The captain general of the Church (Italian: Capitano generale della Chiesa) was the de facto commander-in-chief of the armed forces of the Papal States during the Middle Ages.
The post was usually conferred on an Italian or other noble with a professional military reputation or (later) a relative of the pope.
The parallel office of gonfalonier was more a formal and ceremonial honour than the responsibility of a tactical military leader (refer to Gonfalone of the Church). The office was at times made subordinate to temporary offices.
For example, Pope Callixtus III appointed Cardinal Rodrigo Borgia (Later Pope Alexander VI) as the chief and general commissary of the Papal Army. A number of such offices under many titles were used as ministers of war by popes, the captain general operated as a field commander under these offices. Pope Innocent XII removed both ranks and replaced them with the position of Flag-bearer of the Holy Roman Church (Vessilifero di Santo Romana Chiesa), which later became hereditary in the Naro Patrizi.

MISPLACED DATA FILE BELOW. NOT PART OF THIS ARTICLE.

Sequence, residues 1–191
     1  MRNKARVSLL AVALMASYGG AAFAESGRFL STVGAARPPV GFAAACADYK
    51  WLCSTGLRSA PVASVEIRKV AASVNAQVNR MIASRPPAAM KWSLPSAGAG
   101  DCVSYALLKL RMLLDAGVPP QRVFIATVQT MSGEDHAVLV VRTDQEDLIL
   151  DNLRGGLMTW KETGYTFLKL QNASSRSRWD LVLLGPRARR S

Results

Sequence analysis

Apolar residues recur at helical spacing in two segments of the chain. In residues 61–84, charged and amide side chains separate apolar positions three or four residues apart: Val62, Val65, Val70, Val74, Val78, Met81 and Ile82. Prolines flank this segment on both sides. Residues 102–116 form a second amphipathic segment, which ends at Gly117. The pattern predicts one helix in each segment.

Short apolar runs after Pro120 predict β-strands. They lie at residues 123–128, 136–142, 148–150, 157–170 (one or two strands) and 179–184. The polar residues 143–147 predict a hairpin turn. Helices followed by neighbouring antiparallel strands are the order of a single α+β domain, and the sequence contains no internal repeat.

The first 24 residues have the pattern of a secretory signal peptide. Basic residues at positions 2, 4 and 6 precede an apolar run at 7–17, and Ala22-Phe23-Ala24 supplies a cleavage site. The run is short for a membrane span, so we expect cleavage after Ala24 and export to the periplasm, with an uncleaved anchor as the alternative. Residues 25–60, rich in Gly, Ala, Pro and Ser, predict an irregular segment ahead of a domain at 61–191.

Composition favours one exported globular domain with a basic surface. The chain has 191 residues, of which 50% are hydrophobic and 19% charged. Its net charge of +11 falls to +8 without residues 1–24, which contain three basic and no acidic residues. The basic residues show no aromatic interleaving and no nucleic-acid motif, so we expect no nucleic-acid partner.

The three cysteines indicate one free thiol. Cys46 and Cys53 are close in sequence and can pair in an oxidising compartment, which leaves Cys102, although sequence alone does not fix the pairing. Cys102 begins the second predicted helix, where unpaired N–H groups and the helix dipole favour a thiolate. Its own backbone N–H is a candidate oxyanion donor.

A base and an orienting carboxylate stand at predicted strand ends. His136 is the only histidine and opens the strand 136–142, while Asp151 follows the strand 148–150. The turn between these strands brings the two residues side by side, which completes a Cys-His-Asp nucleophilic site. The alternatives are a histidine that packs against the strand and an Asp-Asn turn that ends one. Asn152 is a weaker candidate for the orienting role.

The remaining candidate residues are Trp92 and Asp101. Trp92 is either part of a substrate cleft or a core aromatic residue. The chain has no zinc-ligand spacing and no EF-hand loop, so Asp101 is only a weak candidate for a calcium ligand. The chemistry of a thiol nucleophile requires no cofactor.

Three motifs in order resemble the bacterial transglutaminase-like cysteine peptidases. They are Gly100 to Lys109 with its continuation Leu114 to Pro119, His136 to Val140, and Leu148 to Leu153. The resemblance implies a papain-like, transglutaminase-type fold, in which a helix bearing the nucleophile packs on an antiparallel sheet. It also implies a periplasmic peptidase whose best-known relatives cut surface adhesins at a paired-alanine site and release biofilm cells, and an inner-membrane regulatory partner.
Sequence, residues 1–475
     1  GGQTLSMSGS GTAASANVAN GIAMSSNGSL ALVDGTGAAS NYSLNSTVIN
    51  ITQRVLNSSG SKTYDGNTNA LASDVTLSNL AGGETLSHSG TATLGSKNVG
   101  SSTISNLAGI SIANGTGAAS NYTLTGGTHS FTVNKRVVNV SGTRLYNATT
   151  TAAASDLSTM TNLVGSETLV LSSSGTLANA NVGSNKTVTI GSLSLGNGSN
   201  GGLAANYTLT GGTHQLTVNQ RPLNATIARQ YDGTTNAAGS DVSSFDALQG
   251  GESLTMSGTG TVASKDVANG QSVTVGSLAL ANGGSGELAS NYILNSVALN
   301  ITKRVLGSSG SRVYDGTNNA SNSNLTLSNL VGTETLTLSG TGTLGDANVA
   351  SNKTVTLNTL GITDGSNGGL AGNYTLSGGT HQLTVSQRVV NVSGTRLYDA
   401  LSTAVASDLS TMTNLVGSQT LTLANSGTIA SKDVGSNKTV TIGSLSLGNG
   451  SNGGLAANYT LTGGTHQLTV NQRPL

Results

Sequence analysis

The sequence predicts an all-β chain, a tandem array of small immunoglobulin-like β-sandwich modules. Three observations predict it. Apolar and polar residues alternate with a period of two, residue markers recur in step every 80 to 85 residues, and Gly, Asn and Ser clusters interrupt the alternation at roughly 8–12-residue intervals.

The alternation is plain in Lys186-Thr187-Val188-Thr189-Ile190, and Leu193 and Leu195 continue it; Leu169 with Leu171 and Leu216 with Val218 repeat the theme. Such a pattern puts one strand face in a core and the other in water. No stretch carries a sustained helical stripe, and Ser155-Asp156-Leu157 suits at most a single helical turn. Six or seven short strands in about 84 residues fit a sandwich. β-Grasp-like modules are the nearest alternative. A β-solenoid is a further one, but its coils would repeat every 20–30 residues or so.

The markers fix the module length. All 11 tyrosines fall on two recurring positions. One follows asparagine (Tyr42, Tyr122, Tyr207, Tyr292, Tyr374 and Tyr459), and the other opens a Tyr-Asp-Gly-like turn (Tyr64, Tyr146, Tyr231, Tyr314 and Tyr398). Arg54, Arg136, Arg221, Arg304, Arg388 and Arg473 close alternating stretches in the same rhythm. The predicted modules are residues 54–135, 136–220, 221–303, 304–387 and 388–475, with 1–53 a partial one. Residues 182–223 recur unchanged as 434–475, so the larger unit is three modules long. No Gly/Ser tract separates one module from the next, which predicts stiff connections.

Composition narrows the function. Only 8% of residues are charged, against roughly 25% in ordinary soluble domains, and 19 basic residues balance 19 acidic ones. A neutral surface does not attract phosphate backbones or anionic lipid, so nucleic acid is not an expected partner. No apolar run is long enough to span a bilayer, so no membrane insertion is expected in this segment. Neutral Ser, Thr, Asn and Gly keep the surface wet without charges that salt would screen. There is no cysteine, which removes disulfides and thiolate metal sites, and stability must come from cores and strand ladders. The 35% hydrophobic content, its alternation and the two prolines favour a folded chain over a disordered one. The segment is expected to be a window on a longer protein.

It was traditional for the captain general to carry a baton of command blessed by the pope.